Have you ever seen the guy waving in the end zone during a kickoff? He’s not waving to welcome the defenders who are rapidly approaching; he’s signaling for a fair catch.
What’s a fair catch?
A fair catch is when a receiver signals that he is going to catch the ball only – not advance it – during a kickoff. If you would like to know the technical definition of a wave, the NFL says the receiver, “must raise one arm a full length above his head and wave it from side to side while kick is in flight.” Good to know.
When a player signals for a fair catch it means he wants to catch the ball right where he’s standing, and that’s all. He won’t try to run forward and advance the ball down the field after signaling a fair catch. (If he does, he’ll just end up further back than he was when he started thanks to a 5-yard penalty from the spot where he waved.) As a result, players on the kicking team are not allowed to tackle a player on the receiving team who signaled for a fair catch. They also aren’t allowed to interfere with the ball or the path of the ball. (Interfering in any way will cost the kicking team 15 yards!) However, if a player signals for the fair catch and then decides it isn’t so fair after all, that’s fine. He doesn’t have to catch the ball. But once he signals for the fair catch he can’t interfere with anyone on the kicking team. If he does, it’s a 15-yard penalty.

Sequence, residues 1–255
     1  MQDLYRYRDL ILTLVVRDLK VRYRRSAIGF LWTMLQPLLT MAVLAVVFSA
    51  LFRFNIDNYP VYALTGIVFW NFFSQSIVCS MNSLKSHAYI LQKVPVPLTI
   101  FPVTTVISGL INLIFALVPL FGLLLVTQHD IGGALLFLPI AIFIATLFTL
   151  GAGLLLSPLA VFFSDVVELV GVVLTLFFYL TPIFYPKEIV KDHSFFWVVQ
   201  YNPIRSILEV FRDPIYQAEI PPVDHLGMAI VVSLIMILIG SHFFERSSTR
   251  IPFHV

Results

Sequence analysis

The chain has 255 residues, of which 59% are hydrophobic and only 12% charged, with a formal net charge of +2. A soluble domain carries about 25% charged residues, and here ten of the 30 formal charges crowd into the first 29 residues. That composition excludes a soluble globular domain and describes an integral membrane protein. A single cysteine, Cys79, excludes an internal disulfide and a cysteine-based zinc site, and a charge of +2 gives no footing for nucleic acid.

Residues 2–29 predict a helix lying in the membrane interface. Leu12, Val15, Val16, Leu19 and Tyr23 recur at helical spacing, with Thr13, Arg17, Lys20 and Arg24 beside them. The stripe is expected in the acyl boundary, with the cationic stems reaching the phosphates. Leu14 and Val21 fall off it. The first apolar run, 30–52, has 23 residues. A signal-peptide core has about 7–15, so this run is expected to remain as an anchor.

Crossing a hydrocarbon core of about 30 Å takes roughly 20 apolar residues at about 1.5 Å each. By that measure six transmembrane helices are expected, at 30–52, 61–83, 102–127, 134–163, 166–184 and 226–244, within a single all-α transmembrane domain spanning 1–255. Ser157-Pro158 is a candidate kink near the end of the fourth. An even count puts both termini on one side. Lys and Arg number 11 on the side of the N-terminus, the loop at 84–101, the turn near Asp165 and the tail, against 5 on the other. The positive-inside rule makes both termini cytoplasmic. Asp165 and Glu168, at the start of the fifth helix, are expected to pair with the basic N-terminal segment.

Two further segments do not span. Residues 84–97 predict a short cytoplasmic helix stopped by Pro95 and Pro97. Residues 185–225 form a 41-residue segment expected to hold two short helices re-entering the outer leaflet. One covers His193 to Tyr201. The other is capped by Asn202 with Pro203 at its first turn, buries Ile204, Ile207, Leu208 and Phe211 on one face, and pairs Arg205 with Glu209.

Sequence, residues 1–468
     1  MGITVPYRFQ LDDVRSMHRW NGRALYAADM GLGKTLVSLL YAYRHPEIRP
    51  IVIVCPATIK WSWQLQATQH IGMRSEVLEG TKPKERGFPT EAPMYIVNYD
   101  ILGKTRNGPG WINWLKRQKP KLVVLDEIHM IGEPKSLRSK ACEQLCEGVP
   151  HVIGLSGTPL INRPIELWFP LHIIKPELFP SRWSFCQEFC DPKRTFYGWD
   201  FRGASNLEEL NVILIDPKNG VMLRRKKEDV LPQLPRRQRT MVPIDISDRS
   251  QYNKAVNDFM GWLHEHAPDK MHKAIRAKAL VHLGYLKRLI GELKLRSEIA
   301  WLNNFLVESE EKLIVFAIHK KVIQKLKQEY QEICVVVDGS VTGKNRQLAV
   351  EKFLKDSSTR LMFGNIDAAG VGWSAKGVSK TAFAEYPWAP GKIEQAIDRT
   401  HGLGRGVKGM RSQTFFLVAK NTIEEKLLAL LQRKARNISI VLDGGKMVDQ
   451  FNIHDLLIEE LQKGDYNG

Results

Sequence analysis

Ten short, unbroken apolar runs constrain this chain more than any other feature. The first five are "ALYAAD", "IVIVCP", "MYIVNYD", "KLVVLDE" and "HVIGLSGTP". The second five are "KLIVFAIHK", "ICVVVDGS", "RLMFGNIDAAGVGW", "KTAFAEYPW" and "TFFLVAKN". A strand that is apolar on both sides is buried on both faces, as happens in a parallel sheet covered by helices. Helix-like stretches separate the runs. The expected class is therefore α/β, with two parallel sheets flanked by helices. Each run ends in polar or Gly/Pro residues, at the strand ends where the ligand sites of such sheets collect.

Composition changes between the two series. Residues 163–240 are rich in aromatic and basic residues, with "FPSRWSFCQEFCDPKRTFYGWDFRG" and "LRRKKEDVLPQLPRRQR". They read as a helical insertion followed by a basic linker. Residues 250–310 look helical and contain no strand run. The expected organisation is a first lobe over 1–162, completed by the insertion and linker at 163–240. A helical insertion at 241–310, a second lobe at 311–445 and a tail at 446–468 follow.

Here’s a bonus point to ponder, just because I’ve never heard of it before and think it’s hilarious:
If time expires while ball is in play and a fair catch is awarded, receiving team may choose to extend the period with one fair catch kick down. However, placekicker may not use tee.
I honestly have no idea what that would look like in an actual game. All I can picture is the ref coming over to the kicker and taking his tee away.